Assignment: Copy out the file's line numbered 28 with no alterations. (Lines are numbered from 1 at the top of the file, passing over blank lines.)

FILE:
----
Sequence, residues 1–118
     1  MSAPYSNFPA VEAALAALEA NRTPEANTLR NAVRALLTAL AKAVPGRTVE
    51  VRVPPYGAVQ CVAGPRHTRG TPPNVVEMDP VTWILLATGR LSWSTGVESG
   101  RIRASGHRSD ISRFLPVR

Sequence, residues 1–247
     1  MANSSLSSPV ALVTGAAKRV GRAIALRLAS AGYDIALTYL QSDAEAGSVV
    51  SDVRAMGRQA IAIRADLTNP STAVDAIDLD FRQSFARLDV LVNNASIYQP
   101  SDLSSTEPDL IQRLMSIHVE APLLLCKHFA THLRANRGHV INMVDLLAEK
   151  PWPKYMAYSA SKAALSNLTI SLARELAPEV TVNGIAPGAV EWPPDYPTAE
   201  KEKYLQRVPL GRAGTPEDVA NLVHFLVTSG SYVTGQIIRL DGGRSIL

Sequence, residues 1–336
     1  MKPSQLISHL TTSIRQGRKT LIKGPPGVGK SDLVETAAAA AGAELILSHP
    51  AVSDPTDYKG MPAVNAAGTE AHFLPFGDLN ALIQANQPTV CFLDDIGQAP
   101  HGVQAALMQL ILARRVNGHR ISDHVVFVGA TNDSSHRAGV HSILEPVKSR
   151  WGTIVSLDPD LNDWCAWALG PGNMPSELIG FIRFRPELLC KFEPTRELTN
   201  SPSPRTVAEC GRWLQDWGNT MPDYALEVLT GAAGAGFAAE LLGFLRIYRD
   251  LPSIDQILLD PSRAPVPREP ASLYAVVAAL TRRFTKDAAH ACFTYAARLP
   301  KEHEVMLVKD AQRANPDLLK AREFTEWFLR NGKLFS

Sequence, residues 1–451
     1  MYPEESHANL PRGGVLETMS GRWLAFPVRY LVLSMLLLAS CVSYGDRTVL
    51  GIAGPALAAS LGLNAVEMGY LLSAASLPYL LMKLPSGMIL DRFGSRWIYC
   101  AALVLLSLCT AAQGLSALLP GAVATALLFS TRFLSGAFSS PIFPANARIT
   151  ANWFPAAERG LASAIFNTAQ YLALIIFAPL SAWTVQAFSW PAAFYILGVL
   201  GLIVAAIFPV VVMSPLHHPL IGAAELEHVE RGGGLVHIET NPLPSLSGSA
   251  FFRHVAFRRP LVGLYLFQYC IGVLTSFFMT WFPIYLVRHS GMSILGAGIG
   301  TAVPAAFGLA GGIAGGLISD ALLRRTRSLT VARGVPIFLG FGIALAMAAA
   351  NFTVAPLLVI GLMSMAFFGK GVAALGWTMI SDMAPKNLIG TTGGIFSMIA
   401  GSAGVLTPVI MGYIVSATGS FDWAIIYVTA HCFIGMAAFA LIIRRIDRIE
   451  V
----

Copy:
   401  GSAGVLTPVI MGYIVSATGS FDWAIIYVTA HCFIGMAAFA LIIRRIDRIE